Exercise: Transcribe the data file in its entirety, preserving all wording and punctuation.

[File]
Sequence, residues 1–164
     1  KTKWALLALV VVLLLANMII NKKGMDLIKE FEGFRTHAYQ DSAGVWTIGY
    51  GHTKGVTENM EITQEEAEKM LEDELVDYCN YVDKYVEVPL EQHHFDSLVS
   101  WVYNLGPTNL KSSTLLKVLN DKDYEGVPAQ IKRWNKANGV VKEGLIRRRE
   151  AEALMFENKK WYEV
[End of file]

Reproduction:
Sequence, residues 1–164
     1  KTKWALLALV VVLLLANMII NKKGMDLIKE FEGFRTHAYQ DSAGVWTIGY
    51  GHTKGVTENM EITQEEAEKM LEDELVDYCN YVDKYVEVPL EQHHFDSLVS
   101  WVYNLGPTNL KSSTLLKVLN DKDYEGVPAQ IKRWNKANGV VKEGLIRRRE
   151  AEALMFENKK WYEV